Subjects -> MEDICAL SCIENCES (Total: 8186 journals)
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EMERGENCY AND INTENSIVE CRITICAL CARE (121 journals)                     

Showing 1 - 102 of 102 Journals sorted alphabetically
AACN Advanced Critical Care     Full-text available via subscription   (Followers: 38)
Academic Emergency Medicine     Hybrid Journal   (Followers: 101)
Acta Colombiana de Cuidado Intensivo     Full-text available via subscription   (Followers: 2)
Acute and Critical Care     Open Access   (Followers: 10)
Acute Cardiac Care     Hybrid Journal   (Followers: 12)
Acute Medicine     Full-text available via subscription   (Followers: 7)
Advances in Emergency Medicine     Open Access   (Followers: 22)
Advances in Neonatal Care     Hybrid Journal   (Followers: 44)
African Journal of Anaesthesia and Intensive Care     Full-text available via subscription   (Followers: 8)
African Journal of Emergency Medicine     Open Access   (Followers: 6)
American Journal of Emergency Medicine     Hybrid Journal   (Followers: 58)
Annals of Emergency Medicine     Hybrid Journal   (Followers: 153)
Annals of Intensive Care     Open Access   (Followers: 40)
Annals of the American Thoracic Society     Full-text available via subscription   (Followers: 16)
Archives of Academic Emergency Medicine     Open Access   (Followers: 7)
ASAIO Journal     Hybrid Journal   (Followers: 2)
Australian Critical Care     Full-text available via subscription   (Followers: 21)
Bangladesh Critical Care Journal     Open Access   (Followers: 1)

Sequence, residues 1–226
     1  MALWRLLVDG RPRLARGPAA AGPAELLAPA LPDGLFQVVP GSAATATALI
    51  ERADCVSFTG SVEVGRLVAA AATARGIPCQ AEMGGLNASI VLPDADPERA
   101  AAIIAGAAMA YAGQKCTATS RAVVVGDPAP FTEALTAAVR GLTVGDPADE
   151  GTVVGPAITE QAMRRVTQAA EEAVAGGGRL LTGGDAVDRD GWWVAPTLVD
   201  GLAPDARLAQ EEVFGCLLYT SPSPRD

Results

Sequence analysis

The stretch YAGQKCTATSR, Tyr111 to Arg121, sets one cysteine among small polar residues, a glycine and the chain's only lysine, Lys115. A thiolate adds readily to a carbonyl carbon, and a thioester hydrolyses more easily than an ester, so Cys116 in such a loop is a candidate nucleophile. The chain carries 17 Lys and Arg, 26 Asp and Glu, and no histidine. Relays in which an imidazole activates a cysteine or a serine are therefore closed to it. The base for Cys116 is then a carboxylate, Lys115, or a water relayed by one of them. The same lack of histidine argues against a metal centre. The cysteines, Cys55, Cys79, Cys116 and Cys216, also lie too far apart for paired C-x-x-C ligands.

BMC Emergency Medicine     Open Access   (Followers: 30)
BMJ Quality & Safety     Hybrid Journal   (Followers: 67)
Burns Open     Open Access   (Followers: 1)
Canadian Journal of Respiratory, Critical Care, and Sleep Medicine     Hybrid Journal   (Followers: 2)
Case Reports in Critical Care     Open Access   (Followers: 14)
Case Reports in Emergency Medicine     Open Access   (Followers: 23)
Chronic Wound Care Management and Research     Open Access   (Followers: 8)
Clinical and Applied Thrombosis/Hemostasis     Open Access   (Followers: 28)
Clinical Medicine Insights : Trauma and Intensive Medicine     Open Access   (Followers: 3)
Clinical Risk     Hybrid Journal   (Followers: 6)
Crisis: The Journal of Crisis Intervention and Suicide Prevention     Hybrid Journal   (Followers: 17)
Critical Care     Open Access   (Followers: 78)
Critical Care and Resuscitation     Full-text available via subscription   (Followers: 29)
Critical Care Clinics     Full-text available via subscription   (Followers: 35)
Critical Care Explorations     Open Access   (Followers: 3)
Critical Care Medicine     Hybrid Journal   (Followers: 329)
Critical Care Research and Practice     Open Access   (Followers: 13)
Current Emergency and Hospital Medicine Reports     Hybrid Journal   (Followers: 6)
Current Opinion in Critical Care     Hybrid Journal   (Followers: 74)
Disaster and Emergency Medicine Journal     Open Access   (Followers: 13)
Egyptian Journal of Critical Care Medicine     Open Access   (Followers: 2)
EMC - Urgenze     Full-text available via subscription  
Emergency Care Journal     Open Access   (Followers: 8)
Emergency Medicine (Medicina neotložnyh sostoânij)     Open Access  
Emergency Medicine Australasia     Hybrid Journal   (Followers: 19)
Emergency Medicine Clinics of North America     Full-text available via subscription   (Followers: 19)
Emergency Medicine Journal     Hybrid Journal   (Followers: 56)
Emergency Medicine News     Full-text available via subscription   (Followers: 7)
Emergency Nurse     Full-text available via subscription   (Followers: 17)
Enfermería Intensiva (English ed.)     Full-text available via subscription   (Followers: 2)
European Burn Journal     Open Access   (Followers: 7)
European Journal of Emergency Medicine     Hybrid Journal   (Followers: 25)
Hong Kong Journal of Emergency Medicine     Full-text available via subscription   (Followers: 5)
Injury     Hybrid Journal   (Followers: 21)
Intensive Care Medicine     Hybrid Journal   (Followers: 88)